Our health is shaped by environmental factors that we humans are exposed to on a daily basis: what we eat, the air we breathe, our social interactions and lifestyle choices such as smoking and exercising. The sum of all these environmental drivers of health and diseases is called the exposome.
The exposome concept is trying to capture everything to understand which, how, in what quantities, and in what circumstances environmental drivers have an effect on our health. This very complex set of elements is continually evolving, and to map it is a challenging undertaking. The Utrecht Exposome hub combines research on both the external exposome and on the internal exposome (focusing on the microbiome). By combining this research, we aim to develop successful prevention and intervention strategies in amongst others cardiovascular, mental, infectious, and immunological diseases.
Exposome-NLThe Dutch consortium of internationally-renowned scientists will apply innovative techniques to investigate which factors of the exposome are important for health and how these factors work. Their research focuses on the causes of cardiovascular disease and type 2 diabetes.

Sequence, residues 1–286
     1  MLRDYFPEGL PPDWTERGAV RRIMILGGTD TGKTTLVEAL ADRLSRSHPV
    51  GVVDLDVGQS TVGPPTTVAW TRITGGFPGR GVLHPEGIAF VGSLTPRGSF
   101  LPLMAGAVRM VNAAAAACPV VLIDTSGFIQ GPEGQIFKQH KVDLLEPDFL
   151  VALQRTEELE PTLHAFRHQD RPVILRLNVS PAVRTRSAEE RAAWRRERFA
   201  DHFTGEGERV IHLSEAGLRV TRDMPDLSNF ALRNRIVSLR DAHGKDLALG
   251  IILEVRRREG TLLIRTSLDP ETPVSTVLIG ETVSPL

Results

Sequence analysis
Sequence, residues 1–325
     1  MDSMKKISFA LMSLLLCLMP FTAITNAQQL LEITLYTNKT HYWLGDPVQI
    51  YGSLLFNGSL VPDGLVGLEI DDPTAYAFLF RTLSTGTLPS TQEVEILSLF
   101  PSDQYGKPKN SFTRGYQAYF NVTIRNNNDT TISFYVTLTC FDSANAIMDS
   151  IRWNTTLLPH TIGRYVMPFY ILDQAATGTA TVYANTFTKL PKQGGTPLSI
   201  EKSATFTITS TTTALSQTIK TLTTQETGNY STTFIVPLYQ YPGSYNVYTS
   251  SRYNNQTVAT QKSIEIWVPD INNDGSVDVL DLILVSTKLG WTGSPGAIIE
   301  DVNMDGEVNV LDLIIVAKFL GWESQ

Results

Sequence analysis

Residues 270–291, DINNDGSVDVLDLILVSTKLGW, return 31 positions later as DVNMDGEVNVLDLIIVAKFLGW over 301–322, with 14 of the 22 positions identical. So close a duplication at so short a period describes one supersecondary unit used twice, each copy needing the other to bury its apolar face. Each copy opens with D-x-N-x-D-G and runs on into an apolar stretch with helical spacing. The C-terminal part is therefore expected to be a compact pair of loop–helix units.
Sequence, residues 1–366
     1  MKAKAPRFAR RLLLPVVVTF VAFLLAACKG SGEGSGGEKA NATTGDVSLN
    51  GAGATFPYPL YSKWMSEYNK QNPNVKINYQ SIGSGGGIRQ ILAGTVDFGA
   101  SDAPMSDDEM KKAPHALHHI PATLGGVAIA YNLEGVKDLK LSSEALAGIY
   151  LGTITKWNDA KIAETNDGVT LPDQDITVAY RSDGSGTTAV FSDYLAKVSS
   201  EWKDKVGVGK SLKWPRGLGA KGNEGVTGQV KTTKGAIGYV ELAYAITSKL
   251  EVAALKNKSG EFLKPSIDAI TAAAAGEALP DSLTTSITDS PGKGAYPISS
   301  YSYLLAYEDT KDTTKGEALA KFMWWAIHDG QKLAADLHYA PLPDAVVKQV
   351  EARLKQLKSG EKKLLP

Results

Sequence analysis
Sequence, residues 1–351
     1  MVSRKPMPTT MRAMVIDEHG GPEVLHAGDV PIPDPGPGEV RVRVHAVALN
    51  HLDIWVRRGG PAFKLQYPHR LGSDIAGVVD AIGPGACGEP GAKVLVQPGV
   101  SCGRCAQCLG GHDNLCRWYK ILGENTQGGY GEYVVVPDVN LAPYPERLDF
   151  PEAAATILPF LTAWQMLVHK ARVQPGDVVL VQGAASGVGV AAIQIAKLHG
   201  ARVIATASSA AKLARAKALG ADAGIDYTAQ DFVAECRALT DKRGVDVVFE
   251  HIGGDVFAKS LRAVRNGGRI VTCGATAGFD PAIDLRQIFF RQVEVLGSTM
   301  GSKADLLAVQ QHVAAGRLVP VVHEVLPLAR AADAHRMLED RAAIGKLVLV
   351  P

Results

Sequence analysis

EXPANSE projectEXPANSE is a five-year European research project that focuses on the urban exposome, the complex interplay between the built, social, physico-chemical, food, and lifestyle aspects of the urban environment. EXPANSE involves 20 academic and non-academic partners located in 14 European countries and the USA.
Data- en Kennishub Gezond Stedelijk LevenTogether with residents, the partners of the hub will develop scientific and data-driven concepts and measures: evidence-based products and services that have a positive effect on the health of everyone who lives, works or recreates in an urban environment.
Exposome-ScanThe Exposome-Scan project has been awarded 3.2 million euros from the NWO Investment Grant Large programme, With the grant, researchers from various Dutch institutes and medical centres will build a unique and large-scale open facility for research into the so-called exposome.